And I really want to emphasize the overconfidence and carelessness parts.

In a game like chess mistakes are expected. Especially during the beginning stages.

However, when you decide to enter into the martial arts business world. It’s very much like entering the black belt division.

If you have any major (or minor) holes in your game. They will be exposed for all to see.

And everyone is out to beat you. Even if it means hurting you to do so.

The same goes for the business side of Jiu Jitsu.

If you don’t have the right training.

You will suffer.

If you don’t have the right experience.

You will struggle.

When you’re the head of an academy you have a lot of people counting on your success.

Your family.

Your students.

Unfortunately, I’ve seen many martial arts academies not make it.

Not only does the owner feel like they let their family and their students down. But they often internalize those feelings which can lead to anxiety, depression, and a whole host of other bad stuff.

Common Blunders

Listen, you’re going to make mistakes over the course of managing your business.

Mistakes happen.

But you can’t afford to make mistake after mistake and hope to stay in business.

There’s just too much competition out there.

Pick the right location – it’s better to outgrow a location than it is to have a big academy right off the back.

Avoid the wrong instructor(s) – Find instructors that are a good fit and will represent your academy well.

Avoid joining the wrong associations – Join associations that make your business better and bring value.

Have the right credentials – If you don’t have the right credentials. You’re not a black belt (or soon to be promoted) or you haven’t differentiated yourself enough yet through tournaments, social media, etc. Then maybe you should hold off opening an academy until you have more experience. Otherwise you might do a disservice to yourself and actually limit your progression.

Investing back into your business – This is where I see a lot of academies drop the ball. You have to invest back into your academy.

Keep your academy looking good. Update your equipment and mats every few years.

Invest back into your students by bringing the right instructors.

Invest in your staff by making sure they get the right training that they need to be successful.

Academies are the center of the Jiu Jitsu community

The academy is the foundation of the Jiu Jitsu community.

It’s where student go to practice their techniques.

Where competitors go to sharpen their skills.

And where instructors go to master their craft.

Without successful academies their would be no Jiu Jitsu. It’s only through the success of academies, both small and large, that Jiu Jitsu will continue to grow.

Advice overload

I’ve spent a lot of time with the owners of academies throughout my career and I’ve seen that the ones that tend to struggle the most are often the same ones to turn down good advice or wise council.

It’s funny that in Jiu Jitsu we promote having no ego and being open minded.

But often these same people are less willing to take their own advice when it comes to business matters.

I’m not saying that you have to take every piece of advice to heart and that you have to implement right away.

That would be a terrible idea.

But you should keep an open mind when someone more experienced than yourself reaches out to you or when one of your students voice a good suggestion.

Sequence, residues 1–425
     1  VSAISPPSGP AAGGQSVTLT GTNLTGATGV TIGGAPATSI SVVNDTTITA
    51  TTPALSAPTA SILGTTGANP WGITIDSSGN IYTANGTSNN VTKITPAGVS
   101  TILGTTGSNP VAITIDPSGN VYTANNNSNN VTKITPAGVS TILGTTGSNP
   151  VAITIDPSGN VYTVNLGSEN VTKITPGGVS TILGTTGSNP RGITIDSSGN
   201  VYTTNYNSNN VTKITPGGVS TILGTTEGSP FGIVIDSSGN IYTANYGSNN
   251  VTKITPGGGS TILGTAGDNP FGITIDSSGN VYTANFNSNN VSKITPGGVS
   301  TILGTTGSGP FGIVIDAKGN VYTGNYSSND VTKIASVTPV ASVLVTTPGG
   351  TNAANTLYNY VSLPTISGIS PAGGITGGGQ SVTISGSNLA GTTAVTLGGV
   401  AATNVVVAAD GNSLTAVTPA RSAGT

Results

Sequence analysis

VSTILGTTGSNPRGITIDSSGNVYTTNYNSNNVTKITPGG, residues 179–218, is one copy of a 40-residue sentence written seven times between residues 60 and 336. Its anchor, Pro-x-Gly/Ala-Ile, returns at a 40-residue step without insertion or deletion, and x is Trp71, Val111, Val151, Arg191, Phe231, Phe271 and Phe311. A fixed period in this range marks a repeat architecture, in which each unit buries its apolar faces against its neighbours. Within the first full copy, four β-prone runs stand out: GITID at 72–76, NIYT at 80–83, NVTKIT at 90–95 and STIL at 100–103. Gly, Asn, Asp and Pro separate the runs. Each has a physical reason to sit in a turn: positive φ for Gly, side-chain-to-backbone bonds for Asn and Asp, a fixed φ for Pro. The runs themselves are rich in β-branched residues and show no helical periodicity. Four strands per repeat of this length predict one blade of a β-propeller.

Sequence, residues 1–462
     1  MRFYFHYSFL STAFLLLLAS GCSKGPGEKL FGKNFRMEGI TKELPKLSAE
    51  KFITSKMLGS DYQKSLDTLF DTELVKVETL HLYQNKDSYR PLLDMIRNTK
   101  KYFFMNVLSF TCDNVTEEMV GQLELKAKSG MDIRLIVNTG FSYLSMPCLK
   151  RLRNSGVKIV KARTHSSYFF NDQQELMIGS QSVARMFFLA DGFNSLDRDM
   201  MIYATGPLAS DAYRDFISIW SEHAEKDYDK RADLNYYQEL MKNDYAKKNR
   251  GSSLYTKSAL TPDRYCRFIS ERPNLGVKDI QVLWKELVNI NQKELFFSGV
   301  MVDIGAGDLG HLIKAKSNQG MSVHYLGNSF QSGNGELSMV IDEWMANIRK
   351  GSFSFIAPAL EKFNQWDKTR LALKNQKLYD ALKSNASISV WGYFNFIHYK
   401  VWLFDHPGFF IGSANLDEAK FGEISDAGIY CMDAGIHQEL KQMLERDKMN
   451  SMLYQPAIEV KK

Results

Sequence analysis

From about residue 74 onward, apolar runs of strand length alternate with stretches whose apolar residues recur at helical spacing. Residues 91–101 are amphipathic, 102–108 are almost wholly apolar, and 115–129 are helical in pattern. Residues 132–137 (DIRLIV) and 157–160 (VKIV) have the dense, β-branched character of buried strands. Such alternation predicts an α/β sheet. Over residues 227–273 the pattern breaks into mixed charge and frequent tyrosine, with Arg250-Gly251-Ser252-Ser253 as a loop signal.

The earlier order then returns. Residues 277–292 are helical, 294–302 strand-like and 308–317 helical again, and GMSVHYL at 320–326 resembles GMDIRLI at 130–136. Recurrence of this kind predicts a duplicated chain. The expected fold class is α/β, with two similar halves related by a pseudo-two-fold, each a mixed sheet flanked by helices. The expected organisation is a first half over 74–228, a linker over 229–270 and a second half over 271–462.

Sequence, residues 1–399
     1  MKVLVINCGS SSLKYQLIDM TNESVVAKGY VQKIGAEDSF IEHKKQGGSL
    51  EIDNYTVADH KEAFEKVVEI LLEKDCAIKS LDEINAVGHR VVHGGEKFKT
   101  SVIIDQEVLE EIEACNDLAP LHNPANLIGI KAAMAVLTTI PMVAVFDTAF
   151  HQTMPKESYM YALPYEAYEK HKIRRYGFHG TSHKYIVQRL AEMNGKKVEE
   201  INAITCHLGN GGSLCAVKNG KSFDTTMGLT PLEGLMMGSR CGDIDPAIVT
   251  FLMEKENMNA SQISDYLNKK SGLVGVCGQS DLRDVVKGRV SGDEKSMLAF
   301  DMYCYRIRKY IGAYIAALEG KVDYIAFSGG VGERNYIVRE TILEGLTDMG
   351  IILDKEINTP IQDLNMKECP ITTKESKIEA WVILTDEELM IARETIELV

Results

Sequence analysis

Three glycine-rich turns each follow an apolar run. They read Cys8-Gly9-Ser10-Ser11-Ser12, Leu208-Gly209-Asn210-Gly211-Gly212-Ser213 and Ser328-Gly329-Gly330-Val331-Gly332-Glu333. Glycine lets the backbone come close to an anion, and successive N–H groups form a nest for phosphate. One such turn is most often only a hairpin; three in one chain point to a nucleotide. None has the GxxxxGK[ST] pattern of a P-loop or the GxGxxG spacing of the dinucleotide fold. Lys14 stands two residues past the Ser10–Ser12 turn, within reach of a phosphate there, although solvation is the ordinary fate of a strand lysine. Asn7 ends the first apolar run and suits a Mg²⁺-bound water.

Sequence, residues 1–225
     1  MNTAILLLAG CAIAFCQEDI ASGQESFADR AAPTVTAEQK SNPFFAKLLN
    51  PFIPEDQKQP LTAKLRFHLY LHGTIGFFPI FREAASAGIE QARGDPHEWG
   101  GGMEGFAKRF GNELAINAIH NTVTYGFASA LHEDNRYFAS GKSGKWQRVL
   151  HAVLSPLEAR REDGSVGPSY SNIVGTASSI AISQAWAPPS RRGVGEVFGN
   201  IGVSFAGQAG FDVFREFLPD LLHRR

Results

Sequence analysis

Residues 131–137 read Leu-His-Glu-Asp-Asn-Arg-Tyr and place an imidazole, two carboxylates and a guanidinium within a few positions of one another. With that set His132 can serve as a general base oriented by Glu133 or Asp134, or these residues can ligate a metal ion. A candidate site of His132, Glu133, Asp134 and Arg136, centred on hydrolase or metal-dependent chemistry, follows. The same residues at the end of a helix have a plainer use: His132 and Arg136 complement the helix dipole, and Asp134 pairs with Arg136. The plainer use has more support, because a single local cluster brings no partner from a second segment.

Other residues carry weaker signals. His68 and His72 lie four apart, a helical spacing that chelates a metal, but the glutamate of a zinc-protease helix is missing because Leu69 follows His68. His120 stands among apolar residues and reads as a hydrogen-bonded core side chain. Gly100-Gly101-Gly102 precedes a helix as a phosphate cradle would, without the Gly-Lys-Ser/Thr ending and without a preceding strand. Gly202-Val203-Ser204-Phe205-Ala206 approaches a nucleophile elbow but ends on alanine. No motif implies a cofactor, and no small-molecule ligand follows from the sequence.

Feedback and how to filter

From Giving feedback:

Being receptive to feedback is an important part of Jiu Jitsu (business) because it is the only way that you will be able to improve.

Receiving Feedback
Actively listen. Respond and remember what is being said.
Say thanks. Regardless of whether the feedback is useful or not.
Evaluate feedback. Think about how you can effectively apply the feedback to grow your Jiu Jitsu (business).

These same steps can be used in receiving advice (aka feedback) on your marital arts business.

It’s telling that many of the best competitors and instructors are also some of the most receptive to feedback.

Jiu Jitsu and entrepreneurs

I’ve found that many of the business owners and entrepreneurs that I know love talking about their businesses and actively seek feedback and advice about their business.

That’s one way that I know that an academy owner will be successful.

It’s when I come across owners that still operate their business like it’s 1980’s Brazil or ones that consistently seem to struggle that I begin to worry.

Not everyone is cut out for it

I’ve said this before but just because you’re good at Jiu Jitsu doesn’t mean that you will be good at running a Jiu Jitsu business.

You could be a world champion.

Or the best instructor in the world.

And that alone would not be enough to ensure that your martial arts business will be a success.

That’s the hard, uncomfortable truth.

The most successful academies weren’t started by Jiu Jitsu practitioners alone.

In fact they started off as a partnership between a high level competitor or well known instructor and someone with a background in business and ample resources.

The Mendez brothers and RVCA founder PM Tenore.

Marcelo Garcia and chess prodigy Josh Waitzkin.

And many more well known academies that you have probably heard of.

Get help

It’s hard asking for help but if your martial arts business is struggling. You have to look at the big picture.

It’s better to get help now and save your business than to not get help and slowly let your business fail.

This might seem so illogical to many of my readers but I’ve witnessed first hand the decline of an academy.

It wasn’t pretty and completely avoidable.

Don’t be another statistic.

Even if your academy is doing well. Is there a way to take it to the next level?

By having the right people looking out for you like mentors, other business owners, and even knowledgeable students, you already have a competitive advantage.

But you will also need to be receptive to what they say. Even if it’s not what you want to hear.

No ego.

Private Lessons

It’s funny but the majority of my posts come from conversations or questions that I get asked.

A lot questions about making it in Jiu Jitsu

How to make money in Jiu Jitsu?
How can you do Jiu Jitsu full time?

There are lots of ways to make money in Jiu Jitsu. Maybe I will do a later series of posts covering some of the other sources of income available to athletes and instructors.